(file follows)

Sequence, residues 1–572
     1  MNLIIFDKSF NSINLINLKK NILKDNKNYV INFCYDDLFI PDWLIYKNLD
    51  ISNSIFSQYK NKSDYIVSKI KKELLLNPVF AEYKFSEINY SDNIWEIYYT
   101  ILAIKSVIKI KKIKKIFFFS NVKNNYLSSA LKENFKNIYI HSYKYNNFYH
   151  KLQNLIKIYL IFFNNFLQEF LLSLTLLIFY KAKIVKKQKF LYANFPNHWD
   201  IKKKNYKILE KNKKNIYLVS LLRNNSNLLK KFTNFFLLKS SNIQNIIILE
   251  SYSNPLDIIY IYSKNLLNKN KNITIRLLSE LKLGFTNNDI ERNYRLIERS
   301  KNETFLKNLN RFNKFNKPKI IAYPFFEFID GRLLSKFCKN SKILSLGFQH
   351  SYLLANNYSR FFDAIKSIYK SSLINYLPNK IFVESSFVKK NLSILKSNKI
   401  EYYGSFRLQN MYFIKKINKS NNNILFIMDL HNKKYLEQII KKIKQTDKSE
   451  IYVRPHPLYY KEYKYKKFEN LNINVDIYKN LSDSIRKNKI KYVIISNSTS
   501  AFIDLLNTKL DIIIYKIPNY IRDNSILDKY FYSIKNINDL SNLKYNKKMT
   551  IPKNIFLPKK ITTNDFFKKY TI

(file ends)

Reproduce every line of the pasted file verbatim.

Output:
Sequence, residues 1–572
     1  MNLIIFDKSF NSINLINLKK NILKDNKNYV INFCYDDLFI PDWLIYKNLD
    51  ISNSIFSQYK NKSDYIVSKI KKELLLNPVF AEYKFSEINY SDNIWEIYYT
   101  ILAIKSVIKI KKIKKIFFFS NVKNNYLSSA LKENFKNIYI HSYKYNNFYH
   151  KLQNLIKIYL IFFNNFLQEF LLSLTLLIFY KAKIVKKQKF LYANFPNHWD
   201  IKKKNYKILE KNKKNIYLVS LLRNNSNLLK KFTNFFLLKS SNIQNIIILE
   251  SYSNPLDIIY IYSKNLLNKN KNITIRLLSE LKLGFTNNDI ERNYRLIERS
   301  KNETFLKNLN RFNKFNKPKI IAYPFFEFID GRLLSKFCKN SKILSLGFQH
   351  SYLLANNYSR FFDAIKSIYK SSLINYLPNK IFVESSFVKK NLSILKSNKI
   401  EYYGSFRLQN MYFIKKINKS NNNILFIMDL HNKKYLEQII KKIKQTDKSE
   451  IYVRPHPLYY KEYKYKKFEN LNINVDIYKN LSDSIRKNKI KYVIISNSTS
   501  AFIDLLNTKL DIIIYKIPNY IRDNSILDKY FYSIKNINDL SNLKYNKKMT
   551  IPKNIFLPKK ITTNDFFKKY TI